The great Galveston disaster, containing a full and thrilling account of the most appalling calamity of modern times including vivid descriptions of the hurricane Page: 162
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162 IBtiRNIt N THE R'INS AN) T HE DEAD.
attention on the beach, near Twenty-sixth street, and tell the
story of -where about sevelnty-five bodies have been buried.
Oie of the greatest needs of the city now is disinfectants.
The local Conmmittee on Corresponldence drafted this general
message to the country
Our most urgent present iieeds now are lisinfectants,
lime, cement, gasoline stoves, gasoline, cllarcoal furnaces, and
charcoal. Nearby towns also may send bread. For the remailder
of our wants money will be most available because we cal
make purchases front time to time with (more discretion than mniscellaneous
contributors would exercise. We are bringing order
out of chaos and again offer our profound gratitude for the assistance
so far received."
The first real attempt to clear away tile great mass of debris
piled along the beach front for several miles was begun to-day.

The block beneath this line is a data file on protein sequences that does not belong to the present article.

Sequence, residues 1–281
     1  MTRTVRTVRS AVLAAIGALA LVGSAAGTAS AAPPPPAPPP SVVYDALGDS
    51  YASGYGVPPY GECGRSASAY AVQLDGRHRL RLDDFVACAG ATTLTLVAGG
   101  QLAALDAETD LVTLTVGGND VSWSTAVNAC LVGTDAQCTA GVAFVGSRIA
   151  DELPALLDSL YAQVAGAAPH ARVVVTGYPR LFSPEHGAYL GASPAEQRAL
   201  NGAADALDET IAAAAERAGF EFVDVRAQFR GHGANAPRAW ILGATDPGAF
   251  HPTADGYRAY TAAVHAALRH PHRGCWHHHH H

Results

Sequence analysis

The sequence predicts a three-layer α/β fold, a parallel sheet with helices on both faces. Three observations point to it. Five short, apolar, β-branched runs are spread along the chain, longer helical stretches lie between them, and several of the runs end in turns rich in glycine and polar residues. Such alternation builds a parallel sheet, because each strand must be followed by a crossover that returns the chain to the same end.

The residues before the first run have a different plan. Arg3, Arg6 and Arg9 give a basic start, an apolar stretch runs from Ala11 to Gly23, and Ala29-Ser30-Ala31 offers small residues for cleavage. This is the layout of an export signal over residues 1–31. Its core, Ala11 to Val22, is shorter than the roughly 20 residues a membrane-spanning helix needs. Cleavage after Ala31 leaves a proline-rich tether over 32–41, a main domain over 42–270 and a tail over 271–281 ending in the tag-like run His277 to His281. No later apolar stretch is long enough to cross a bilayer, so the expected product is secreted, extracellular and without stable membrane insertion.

Advertisements this morning asking for hundreds of men and
boys were answered by a multitude. It is hoped lhat a vigorous
prosecution of the work will lead to the early recovery of the bodies
in the debris. That there are many of them there is no shadow
SEEKING FORMER RESIDENCES.
A correspondent walked along the beach for son;e distance
to-day and the stench was sickening. Everywhere little groups
of men, women and children, some poorly clad, were digging in
the ruins of their homes for what little household property they
could save. In many cases, those seeking their former residences
were unable to find a single remnant of them.
The exodus from the city was heavy to-day, and hundreds
more were eager to leave, but were unable to secure transportation.
Along the bay front there were scores of families with
dejected faces, pleading to be taken from the stricken city, where,
in spite of every effort to restore confidence, there is much depression.
J. C. Stewart, a builder, after a careful inspection of the
grain elevators and their contents, said the dainlage to the elevators
was not over two per cent. Mr. Bailey said he would put
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Lester, Paul. The great Galveston disaster, containing a full and thrilling account of the most appalling calamity of modern times including vivid descriptions of the hurricane, book, 1900~; (texashistory.unt.edu/ark:/67531/metapth26719/m1/201/: accessed August 17, 2017), University of North Texas Libraries, The Portal to Texas History, texashistory.unt.edu; .